The Scientific American Cyclopedia of Receipts, Notes and Queries (Google eBook)

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Albert Allis Hopkins
Munn & Company, 1901 - Industrial arts - 734 pages
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This book is an alphabetic collection of notes on everything originally compiled around 1890 and reissued as late as 1900. It was superseded by :The Scientific American Cyclopedia of Formulas" in 1910. Oddly, this makes this book a little more interesting and useful. It is more interesting because it goes a little farther back in the past. It is more useful because the formulas and methods it presents are closer to what a farmer might be able to do without much special gear or industrially produced chemicals and materials. It is organized alphabetically instead of in sections making it more of a reference work and less of a guide book. Because the formulas and receipts in this book are older, fewer modern chemicals are called for, and it is more like a collection of old farmers and craftsmens secrets. This makes it more interesting to the survivalist, the homesteader wanting alternatives to modern methods, and similar persons. 

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Acceptable for an old reciepts book. No TOC with page numbers, just alphabetical order, so expect a lot of scrolling.

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Page 69 - ... in another vessel, dissolve as much isinglass, previously a little softened in water, (though none of the water must be used), in French brandy or good rum, as will make a...
Page 137 - Body and bed clothing, etc. — It is best to burn all articles which have been in contact with persons sick with contagious or infectious diseases. Articles too valuable to be destroyed should be treated as follows...
Page 137 - Close the rooms as tightly as possible, place the sulphur in iron pans, supported upon bricks placed in wash-tubs containing a little water, set it on fire by hot coals or with the aid of a spoonful of alcohol, and allow the room to remain closed for twenty-four hours. For a room about ten feet square, at least two pounds of sulphur .should be used ; for larger rooms, proportionately increased quantities. " 3. Premises. — Cellars, yards, stables, gutters, privies, cesspools, water-closets, drains,...
Page 286 - Heat the solution of soap and add it boiling hot to the kerosene. Churn the mixture by means of a force pump and spray nozzle for five or ten minutes. The emulsion, if perfect, forms a cream which thickens on cooling and should adhere without oiliness to the surface of the glass.
Page 231 - ... press, by first applying a composition formed of four parts of Armenian bole, and one of candied sugar, ground together with water to a proper consistence, and laid on by a brush with the white of an egg. This coating, when nearly dry, is smoothed by the burnisher, which is generally a crooked piece of agate, very smooth, and fixed in a handle.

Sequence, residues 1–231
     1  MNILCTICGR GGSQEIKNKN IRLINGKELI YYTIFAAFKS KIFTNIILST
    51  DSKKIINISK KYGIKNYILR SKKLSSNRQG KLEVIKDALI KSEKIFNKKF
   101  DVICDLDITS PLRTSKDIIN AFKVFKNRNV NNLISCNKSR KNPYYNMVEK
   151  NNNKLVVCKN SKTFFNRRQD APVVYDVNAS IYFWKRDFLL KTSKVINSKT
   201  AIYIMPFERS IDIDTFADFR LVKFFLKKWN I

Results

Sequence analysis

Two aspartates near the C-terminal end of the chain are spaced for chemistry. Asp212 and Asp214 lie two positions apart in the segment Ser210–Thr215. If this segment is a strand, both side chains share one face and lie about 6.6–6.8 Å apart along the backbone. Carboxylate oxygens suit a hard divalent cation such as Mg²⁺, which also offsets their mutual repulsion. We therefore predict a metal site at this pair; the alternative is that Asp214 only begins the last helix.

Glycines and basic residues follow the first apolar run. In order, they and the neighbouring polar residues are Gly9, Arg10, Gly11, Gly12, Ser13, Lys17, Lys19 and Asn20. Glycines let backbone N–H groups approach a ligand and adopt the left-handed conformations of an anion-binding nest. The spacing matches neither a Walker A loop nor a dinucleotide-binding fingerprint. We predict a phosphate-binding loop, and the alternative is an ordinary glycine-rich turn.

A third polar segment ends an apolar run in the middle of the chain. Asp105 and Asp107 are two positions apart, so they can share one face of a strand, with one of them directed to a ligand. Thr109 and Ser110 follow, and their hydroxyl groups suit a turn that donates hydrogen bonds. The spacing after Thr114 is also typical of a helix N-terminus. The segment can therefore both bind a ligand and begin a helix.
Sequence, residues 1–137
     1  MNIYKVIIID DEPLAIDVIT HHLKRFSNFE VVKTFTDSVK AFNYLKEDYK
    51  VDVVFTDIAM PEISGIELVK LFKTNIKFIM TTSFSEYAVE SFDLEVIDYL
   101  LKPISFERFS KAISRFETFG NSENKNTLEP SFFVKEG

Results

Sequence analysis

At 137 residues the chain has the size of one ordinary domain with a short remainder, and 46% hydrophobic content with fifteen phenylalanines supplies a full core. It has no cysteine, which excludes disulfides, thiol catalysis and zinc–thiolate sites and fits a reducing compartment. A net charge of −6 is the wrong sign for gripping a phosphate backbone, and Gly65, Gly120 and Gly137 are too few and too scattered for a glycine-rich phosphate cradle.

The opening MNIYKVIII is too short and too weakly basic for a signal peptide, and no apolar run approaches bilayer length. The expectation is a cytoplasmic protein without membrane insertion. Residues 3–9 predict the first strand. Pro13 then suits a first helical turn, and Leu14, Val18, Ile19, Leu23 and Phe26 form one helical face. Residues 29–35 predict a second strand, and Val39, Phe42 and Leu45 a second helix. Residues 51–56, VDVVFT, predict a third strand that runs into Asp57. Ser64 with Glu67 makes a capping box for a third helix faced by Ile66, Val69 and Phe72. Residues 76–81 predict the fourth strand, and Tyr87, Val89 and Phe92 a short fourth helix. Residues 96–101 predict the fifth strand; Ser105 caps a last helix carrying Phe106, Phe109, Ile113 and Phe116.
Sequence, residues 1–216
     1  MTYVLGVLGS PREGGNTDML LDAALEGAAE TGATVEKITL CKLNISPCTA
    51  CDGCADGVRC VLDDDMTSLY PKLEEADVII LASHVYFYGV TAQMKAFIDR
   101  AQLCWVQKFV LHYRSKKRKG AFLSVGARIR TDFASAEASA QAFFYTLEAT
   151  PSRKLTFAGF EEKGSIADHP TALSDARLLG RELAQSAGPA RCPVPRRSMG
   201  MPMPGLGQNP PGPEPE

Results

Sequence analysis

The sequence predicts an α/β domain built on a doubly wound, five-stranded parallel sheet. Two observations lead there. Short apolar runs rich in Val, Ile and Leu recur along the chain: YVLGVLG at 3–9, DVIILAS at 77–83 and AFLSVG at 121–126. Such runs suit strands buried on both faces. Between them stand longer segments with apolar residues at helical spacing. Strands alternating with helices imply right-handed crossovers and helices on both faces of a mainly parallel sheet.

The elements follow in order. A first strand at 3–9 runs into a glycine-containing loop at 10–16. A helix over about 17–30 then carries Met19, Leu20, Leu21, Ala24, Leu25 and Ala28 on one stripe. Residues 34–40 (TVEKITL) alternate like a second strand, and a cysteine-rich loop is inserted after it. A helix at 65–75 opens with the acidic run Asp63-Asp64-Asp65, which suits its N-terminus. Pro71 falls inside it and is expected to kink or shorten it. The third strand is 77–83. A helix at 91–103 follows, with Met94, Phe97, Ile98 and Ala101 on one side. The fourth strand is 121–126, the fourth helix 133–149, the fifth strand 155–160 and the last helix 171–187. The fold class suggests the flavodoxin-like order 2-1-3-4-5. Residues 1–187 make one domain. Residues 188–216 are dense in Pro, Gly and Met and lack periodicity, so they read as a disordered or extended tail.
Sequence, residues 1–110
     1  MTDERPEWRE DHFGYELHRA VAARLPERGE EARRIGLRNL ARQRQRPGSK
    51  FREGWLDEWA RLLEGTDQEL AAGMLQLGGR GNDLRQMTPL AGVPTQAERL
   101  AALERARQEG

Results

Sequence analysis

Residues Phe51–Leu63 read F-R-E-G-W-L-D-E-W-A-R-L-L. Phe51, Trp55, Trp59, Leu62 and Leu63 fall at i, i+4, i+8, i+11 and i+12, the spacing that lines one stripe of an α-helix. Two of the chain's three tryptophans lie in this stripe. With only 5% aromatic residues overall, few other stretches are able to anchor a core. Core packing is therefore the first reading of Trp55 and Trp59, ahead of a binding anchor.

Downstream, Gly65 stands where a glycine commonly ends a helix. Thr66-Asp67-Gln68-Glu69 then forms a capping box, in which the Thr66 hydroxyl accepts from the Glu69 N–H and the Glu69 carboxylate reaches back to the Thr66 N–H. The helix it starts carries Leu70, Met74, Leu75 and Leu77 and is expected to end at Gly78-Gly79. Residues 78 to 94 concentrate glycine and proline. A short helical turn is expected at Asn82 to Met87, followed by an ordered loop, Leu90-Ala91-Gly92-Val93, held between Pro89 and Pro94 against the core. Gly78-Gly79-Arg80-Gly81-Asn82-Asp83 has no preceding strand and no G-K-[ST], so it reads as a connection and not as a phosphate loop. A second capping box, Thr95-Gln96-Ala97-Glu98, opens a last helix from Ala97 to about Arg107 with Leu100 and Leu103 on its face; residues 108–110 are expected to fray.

Page 111 - ... it well all over the marble, and the stains will be removed ; then wash the marble over with soap and water, and it •will be as clean as it was at first.
Page 118 - Ox-gall and yolk of egg have the property of dissolving fatty bodies without affecting perceptibly the texture or colors of cloth, and may therefore be employed with advantage. The ox-gall should be purified, to prevent its greenish tint from degrading the brilliancy of dyed stuffs, or the purity of whites. Thus prepared it is the most precious of all substances known for removing these kinds of stains.
Page 251 - Chloroform in a stoppered bottle, and shake them together frequently until solution has been effected. Then add the Carbonate of Lead previously mixed with the remainder of the Chloroform, and having several times shaken the whole together, set the mixture aside, and let it remain at rest until the insoluble matter has subsided. Lastly, decant the clear liquid, and keep it in a well-stopped bottle.
Page 82 - Some shellac is pulverized, and then softened in ten times its weight of strong ammonia, whereby a transparent mass is obtained, which becomes fluid after keeping some little time, without the use of hot water. In three or four weeks the mixture is perfectly liquid, and, when applied, it will be found to soften the rubber.
Page 47 - Cold water pumped into hot boilers is very injurious from sudden contraction. 7. Exterior of Boiler. — Care should be taken that no water comes in contact with the exterior of the boiler, either from leaky joints or other causes.

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